Rumours are running rife around Europe that Silvio Berlusconi will be re-running for Presidente del Consiglio dei Ministri next year. The Telegraph reported as recently as three weeks ago that he will announce his intention imminently from his cruise ship tour of Italy (in typical Berlusconi fashion the bid being cleverly orchestrated and deliberately vague). But if the former cruise ship crooner and Bunga Bunga extraordinaire is to make a political comeback, then what would be the implications for Italian-European relations?.
Berlusconi is the longest serving post-war Prime Minister of Italy, surviving over fifty confidence votes during his three terms of office. His reign included assuming the European Council Presidency in 2003 (in which he began sensationally by suggesting that the German Socialist MEP Martin Schulz would be ‘perfect’ for the role of a Nazi concentration camp leader) as well as being the most senior leader of the G8 (2009-2011). The gaffe-prone billionaire leader resigned from office on November 16th, 2011 and Europe has become a dull place without him. Who else has been reproached by the Queen for shouting a greeting too loudly at Barack Obama? Not Mario Monti, the current technocratic Prime Minister of Italy, to be sure.
However, rumours are afoot that ‘Il Cavaliere’ plans to re-run for Prime Minister next year. For his public relations team, Christmas may have just been cancelled as journalists and editors across Europe line up to write about the eccentric former PM’s latest hair transplants and controversies. So what would the return of the Bunga Bunga King mean for Europe?
Economically, Berlusconi’s national track record isn’t very strong, although interestingly, his personal wealth has made him the 169th richest man in the world (Forbes 2012). It is believed that if he does stage a comeback, he would re-launch his People of Freedom Party (PdL) on the same free-market principles that he ran on and failed to apply in previous terms in office. Though he presided over some of the most globally volatile economic times since the Second World War, with huge contractions in the markets, his stewardship was marked by failures to introduce much needed structural reforms. As a result, Italy’s economic growth throughout the noughties was almost negligible. It was the economy which toppled the seemingly indestructible ‘knight’ of Italy, who seemingly ‘played the violin while Italy was financially burning’ (Mammone, The Independent, 2011). It was failure of economic leadership, not the corruption allegations, sex scandals and the almost farcical nature of some of his cabinet appointments (but who says former beauty queens and topless dancers don’t make good politicians?) that broke the camel’s back time and again.
One of the many additional nails in Berlusconi’s political coffin was the period in which Italy’s Constitutional Court overturned his immunity from prosecution while in office and opened corruption cases, leading Silvio to claim that he is the most persecuted person ‘in the entire history of the world’. Unsurprisingly this statement was toxic both domestically and internationally.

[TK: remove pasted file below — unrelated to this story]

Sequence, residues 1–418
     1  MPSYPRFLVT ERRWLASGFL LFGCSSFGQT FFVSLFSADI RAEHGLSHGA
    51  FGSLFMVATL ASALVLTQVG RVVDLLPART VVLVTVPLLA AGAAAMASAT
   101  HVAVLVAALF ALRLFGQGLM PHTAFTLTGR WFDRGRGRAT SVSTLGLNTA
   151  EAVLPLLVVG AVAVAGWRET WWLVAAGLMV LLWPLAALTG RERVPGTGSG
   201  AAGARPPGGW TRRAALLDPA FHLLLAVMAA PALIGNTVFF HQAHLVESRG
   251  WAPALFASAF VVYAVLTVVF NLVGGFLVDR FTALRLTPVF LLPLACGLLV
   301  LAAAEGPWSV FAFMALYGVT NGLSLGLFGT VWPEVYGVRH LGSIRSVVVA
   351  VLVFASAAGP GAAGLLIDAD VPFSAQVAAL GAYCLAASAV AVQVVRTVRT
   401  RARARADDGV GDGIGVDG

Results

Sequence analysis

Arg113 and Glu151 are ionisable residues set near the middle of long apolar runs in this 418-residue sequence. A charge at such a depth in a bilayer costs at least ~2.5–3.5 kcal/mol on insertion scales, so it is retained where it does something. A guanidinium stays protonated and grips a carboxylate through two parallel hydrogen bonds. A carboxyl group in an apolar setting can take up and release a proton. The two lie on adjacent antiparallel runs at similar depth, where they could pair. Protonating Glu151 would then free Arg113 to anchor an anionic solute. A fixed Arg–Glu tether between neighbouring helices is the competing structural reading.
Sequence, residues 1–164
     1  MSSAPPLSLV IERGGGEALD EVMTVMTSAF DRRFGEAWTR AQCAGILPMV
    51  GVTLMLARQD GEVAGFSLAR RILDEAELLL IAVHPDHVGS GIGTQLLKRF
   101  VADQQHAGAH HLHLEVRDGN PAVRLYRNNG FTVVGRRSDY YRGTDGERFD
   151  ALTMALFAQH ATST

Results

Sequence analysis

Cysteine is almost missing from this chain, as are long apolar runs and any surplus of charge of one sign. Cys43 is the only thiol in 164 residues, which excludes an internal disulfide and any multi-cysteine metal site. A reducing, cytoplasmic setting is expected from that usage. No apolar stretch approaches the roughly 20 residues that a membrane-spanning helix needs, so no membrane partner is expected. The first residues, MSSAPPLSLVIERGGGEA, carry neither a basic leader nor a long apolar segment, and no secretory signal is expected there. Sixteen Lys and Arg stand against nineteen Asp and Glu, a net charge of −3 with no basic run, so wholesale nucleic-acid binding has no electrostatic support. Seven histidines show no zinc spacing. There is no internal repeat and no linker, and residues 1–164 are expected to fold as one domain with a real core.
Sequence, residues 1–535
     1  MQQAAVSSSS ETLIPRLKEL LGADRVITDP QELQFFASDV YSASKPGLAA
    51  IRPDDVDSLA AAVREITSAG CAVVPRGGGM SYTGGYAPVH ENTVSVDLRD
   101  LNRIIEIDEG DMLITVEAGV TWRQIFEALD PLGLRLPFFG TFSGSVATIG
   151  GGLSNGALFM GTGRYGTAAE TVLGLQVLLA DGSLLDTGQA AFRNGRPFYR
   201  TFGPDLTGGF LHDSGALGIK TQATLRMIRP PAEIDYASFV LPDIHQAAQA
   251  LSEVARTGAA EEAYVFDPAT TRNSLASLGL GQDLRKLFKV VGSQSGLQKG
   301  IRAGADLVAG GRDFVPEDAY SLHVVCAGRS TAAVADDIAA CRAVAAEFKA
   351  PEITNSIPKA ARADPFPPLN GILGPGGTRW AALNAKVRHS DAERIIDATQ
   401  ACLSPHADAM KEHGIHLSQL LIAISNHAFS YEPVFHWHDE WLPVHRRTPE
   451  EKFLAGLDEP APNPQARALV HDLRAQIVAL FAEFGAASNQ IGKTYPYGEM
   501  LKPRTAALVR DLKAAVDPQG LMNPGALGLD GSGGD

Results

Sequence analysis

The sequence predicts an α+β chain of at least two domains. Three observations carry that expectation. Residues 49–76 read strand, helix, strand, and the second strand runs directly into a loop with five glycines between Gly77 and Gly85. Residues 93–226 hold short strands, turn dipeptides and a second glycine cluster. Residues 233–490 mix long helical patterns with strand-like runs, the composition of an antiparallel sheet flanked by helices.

Furthermore, it is Berlusconi’s penchant for not only irritating, but downright offending Europe, particularly Germany, at a time of much needed European unity that could be catastrophic. Alongside calling Angela Merkel an ‘unfuckable lard arse’ his recent comments about Germany being ‘a hegemonic state’ that dictates to other European states are widely viewed as a step too far. A Berlusconi comeback in the midst of European financial turmoil may not be welcomed, especially as his latest resignation came after European dissatisfaction with his financial mismanagement that left Italy on the brink of economic collapse. He presided over the deepest output fall in the Italian post-war state with a cumulative 6.5% decline in GDP. Contrasted to Monti’s economic management and popularity in European diplomatic and business circles, it is unlikely even Berlusconi’s best crooning could get Italy or Europe to sing to his tune.
To assume that Berlusconi will win next spring would be a dangerous wager. A poll last week found that Monti’s 2012 approval rating in September was 42 percent (Reuters 2012), in contrast with a Termometro Politico poll from June of this year, which found that 72% of those questioned would not vote for Berlusconi again (The Economist 2012). On an interesting side note, Berlusconi’s approval rating among Italian males in the polls actually increased at the height of the sex scandals. However, given his national economic track record, the international embarrassment and the domestic political turmoil, it may not be the wisest vote Italians could make when they take to the polling booths next year. Although Berlusconi has called Monti’s policies ‘exclusively reactionary’, it appears that the former economics professor and European Commissioner’s spending cuts, new taxes and pension reforms seem to be ‘working’. ‘Working’ in that Italy appears have to avoided a Hellenistic debt debacle. It is still unclear what Berlusconi would do differently in office to keep Italy in the black.
Berlusconi has bounced back from ‘political near death’ before during the late 1990’s and mid 2000’s. Although a comeback seems unlikely, the financial and communication resources at his disposal are vast. This coupled the domestic unpopularity of Monti’s spending cuts and tax increases may offer a slight window of opportunity for Berlusconi to capitalise on. Hopefully, for Italy and Europe’s sake, this will be short lived. The window of Berlusconi’s opportunity is limited to a porthole on a [sinking] cruise ship, and it seems more likely that this ship is sailing to a political retirement than to Rome and Brussels.